“This one's made out of old broom handles,” he says, pointing to one of his globe sculptures. “I was driving through alleys, picking up old brooms.
“And this one was my son's art box he used to use before he got into computers,” Miriello continues, walking through his office space in Barrio Logan, where many of his globes sit wherever there's an empty surface. “The box became this sort of portable universe.”
Miriello has globes fashioned from books, wheels, spoons, shoes and even tiny sharpened pencils. Several display the unmistakable crisp lines of a laser cutter, which he's been experimenting with lately.
Nights, weekends and spare moments for nearly the last three years have gone into what Miriello calls his 100 Worlds Project (100worldsproject.com). The first 50 of his globes will be on display at Jett Gallery in Little Italy starting Feb. 18.
“This one,” he says, picking up a photograph of one of his globes (he had a crew of local photographers take artistic shots of each one, which will be in a self-published book about the exhibition and on view at the gallery). “This one came about because this propeller was on the wall of a friend's studio and I've always loved the propeller as this classic shape. I talked him into giving it to me and he said, ‘OK, make one of your globes out of it.'
“I've been collecting all these things of beauty and not knowing what I'm going to do with them, but it's almost as if my subliminal mind has been tracking things and, suddenly, with this globe project, there've been pieces here that just fit together perfectly as if they've been trying to find each other for 50 years.”
Miriello acts and looks more like a businessman than an artist. He's a smooth-talking, hand-gesturing kind of guy—the boss at Miriello Grafico, his graphic-design and marketing firm, for more than 25 years.
Sitting in his sleek conference room with three black poster boards set up behind him—one's blank, one says “MINIMAL” and the other says “REUSE, REPURPOSE”—Miriello says that most of the time, he's using his creativity for commerce. One of his recent projects, for instance, was for the San Diego Convention Center and the San Diego Convention and Visitor's Bureau. His company's job was to help rebrand San Diego as the kind of city where professional event planners should hold their next big meeting. He ended up turning San Diego's casual, laid-back reputation on its head and making a short film that spun San Diego as a place where intelligence, productivity and creativity abound.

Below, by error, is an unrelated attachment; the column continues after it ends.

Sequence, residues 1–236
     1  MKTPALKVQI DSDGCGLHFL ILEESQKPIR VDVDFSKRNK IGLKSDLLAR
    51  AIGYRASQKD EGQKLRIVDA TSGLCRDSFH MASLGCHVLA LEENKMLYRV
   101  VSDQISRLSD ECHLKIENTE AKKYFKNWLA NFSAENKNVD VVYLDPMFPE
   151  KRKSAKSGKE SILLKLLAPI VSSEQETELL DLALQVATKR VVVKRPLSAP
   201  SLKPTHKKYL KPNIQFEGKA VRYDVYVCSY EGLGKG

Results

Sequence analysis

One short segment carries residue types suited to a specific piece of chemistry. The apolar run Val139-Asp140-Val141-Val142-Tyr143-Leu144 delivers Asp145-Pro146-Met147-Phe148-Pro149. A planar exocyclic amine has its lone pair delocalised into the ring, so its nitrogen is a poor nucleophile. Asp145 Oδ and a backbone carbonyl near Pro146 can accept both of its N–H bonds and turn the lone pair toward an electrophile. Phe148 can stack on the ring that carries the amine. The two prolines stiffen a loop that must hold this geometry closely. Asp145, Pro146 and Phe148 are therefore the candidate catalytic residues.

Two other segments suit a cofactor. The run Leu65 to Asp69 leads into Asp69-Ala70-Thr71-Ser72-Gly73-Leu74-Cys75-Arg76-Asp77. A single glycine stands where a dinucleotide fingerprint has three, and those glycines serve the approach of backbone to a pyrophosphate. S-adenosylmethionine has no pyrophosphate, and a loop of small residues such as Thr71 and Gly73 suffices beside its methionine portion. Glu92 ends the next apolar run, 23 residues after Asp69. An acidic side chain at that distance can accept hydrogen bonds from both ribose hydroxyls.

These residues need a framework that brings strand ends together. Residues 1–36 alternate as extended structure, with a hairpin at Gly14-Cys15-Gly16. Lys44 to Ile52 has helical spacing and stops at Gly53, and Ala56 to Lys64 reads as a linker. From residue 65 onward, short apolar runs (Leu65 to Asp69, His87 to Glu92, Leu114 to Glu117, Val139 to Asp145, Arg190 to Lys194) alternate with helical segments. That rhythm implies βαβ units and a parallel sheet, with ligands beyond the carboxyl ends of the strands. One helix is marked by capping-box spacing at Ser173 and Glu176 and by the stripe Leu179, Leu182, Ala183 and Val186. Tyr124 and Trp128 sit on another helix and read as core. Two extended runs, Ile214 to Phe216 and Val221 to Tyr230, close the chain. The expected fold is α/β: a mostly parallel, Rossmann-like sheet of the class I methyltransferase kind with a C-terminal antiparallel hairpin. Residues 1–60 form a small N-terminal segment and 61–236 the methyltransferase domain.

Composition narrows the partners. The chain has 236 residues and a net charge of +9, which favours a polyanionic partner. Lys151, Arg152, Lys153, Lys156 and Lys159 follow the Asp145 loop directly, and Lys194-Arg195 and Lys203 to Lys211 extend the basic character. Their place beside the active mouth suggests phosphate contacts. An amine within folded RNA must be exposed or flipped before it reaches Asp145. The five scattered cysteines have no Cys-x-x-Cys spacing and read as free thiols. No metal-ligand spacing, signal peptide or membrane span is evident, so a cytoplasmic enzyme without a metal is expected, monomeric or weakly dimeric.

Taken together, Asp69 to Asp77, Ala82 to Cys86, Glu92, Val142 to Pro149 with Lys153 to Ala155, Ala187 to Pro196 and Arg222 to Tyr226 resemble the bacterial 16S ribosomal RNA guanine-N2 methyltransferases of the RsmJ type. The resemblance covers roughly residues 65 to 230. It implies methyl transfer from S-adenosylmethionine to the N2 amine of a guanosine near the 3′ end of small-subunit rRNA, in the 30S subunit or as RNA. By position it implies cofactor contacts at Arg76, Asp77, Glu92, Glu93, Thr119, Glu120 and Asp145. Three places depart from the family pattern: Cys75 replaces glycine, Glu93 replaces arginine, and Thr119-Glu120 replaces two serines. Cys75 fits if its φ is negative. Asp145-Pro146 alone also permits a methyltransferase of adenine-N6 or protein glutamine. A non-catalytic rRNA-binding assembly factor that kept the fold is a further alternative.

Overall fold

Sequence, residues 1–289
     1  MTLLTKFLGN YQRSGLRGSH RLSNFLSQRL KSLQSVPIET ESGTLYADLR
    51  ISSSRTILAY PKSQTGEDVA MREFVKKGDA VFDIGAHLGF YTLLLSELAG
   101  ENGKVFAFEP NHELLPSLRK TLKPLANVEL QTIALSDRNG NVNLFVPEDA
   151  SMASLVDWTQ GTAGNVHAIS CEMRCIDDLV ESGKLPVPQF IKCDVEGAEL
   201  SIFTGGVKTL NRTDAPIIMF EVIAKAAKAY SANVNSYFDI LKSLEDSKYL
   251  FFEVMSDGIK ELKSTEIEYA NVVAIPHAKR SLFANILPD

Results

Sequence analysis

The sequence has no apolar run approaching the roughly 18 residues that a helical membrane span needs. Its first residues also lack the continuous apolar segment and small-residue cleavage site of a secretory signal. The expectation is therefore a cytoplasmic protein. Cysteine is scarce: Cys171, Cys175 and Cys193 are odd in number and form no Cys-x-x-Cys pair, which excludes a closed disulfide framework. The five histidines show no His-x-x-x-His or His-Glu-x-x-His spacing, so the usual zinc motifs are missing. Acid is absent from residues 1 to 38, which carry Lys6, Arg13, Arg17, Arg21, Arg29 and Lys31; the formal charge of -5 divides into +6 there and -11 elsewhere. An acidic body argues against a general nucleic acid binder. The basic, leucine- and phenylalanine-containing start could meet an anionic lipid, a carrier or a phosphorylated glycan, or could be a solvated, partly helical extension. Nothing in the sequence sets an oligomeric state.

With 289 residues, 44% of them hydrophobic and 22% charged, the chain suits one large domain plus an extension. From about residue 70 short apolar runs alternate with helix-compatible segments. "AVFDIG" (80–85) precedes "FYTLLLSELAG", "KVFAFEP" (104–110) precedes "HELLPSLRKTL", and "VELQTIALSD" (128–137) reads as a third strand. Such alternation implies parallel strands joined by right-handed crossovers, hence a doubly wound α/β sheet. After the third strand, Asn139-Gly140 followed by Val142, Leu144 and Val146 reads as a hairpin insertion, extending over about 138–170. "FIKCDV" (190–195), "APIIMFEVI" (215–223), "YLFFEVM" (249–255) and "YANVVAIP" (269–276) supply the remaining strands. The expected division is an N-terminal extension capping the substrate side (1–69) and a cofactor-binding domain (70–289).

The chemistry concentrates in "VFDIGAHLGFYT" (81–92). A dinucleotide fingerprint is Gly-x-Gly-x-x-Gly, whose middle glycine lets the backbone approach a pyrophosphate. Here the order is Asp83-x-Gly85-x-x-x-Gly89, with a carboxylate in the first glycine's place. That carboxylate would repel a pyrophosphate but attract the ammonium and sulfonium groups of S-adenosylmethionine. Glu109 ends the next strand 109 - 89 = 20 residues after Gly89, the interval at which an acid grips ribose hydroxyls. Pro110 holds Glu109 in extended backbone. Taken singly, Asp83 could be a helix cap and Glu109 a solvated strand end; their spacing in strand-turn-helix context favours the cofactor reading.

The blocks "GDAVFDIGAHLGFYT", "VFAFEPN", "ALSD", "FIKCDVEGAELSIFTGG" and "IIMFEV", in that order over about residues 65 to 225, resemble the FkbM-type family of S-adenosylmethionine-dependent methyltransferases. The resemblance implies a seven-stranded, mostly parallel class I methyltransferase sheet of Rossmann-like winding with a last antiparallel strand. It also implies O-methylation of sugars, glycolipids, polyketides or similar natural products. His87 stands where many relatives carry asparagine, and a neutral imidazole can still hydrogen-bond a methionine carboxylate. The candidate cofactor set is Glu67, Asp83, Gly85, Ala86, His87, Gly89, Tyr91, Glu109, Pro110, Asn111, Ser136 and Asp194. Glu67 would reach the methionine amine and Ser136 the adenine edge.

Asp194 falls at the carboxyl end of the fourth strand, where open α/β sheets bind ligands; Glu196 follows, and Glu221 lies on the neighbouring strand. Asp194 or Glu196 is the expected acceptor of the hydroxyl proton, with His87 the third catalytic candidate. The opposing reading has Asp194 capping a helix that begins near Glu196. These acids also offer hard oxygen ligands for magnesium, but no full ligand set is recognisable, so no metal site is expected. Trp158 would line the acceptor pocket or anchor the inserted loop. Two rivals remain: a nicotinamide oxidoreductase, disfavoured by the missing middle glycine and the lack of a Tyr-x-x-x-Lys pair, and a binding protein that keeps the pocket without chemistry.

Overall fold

And Miriello believes it. He thinks San Diego is the type of city where, say, if you set out doing something as wacky as making 100 globes, you'll find a lot of help and inspiration along the way.
“I have collaborators on the project,” he says. “A lot of them who are guys right here in Barrio Logan. I love working with guys who are here— welders, riggers, guys who work on boats.”
When Miriello finished his first globe years ago, his only plan was to make another, then another. “Before I knew it,” he says, “I was thinking, Where is this going? And I don't want a plan. I work with plans and schedules and strategies and media plans all the time. I just wanted to see what happens when I let my creativity take the lead and trust in it rather than commerce for once.”
The economic downturn, he says, has been the perfect backdrop. People have time on their hands and were more willing to play. When friends and clients began seeing the globes in his office, they started collaborating. He says the next 50 globes might even be made by people inspired by his first 50.
“People would give me things and say, ‘Hey, I think there's a globe in there,'” Miriello says. A welder, for example, was going to throw away a band-saw blade but saw it as an opportunity to contribute.
“I'm very interested in priming the pump and taking this wellspring of creativity and using it to help others get involved—to show and demonstrate that even though creativity doesn't have a patron right now, ideas don't stop; ideas keep flowing like molten lead.”
But why globes? Miriello says he likes how instantly recognizable planet Earth is, and he's fascinated by the opinions and imagination it inspires. As a kid, he remembers spinning a globe and putting his finger on a country, wondering if the inhabitants could feel his touch.
And from a design standpoint, he likes the four components of a globe—the base, spine, armature and sphere. He says he sees one of those four structures in nearly everything he lays his eyes on.
“You start looking around and globes are everywhere,” he says. “What could I do with that? What could I do with this? The making part of it is something that comes fairly easy for me.”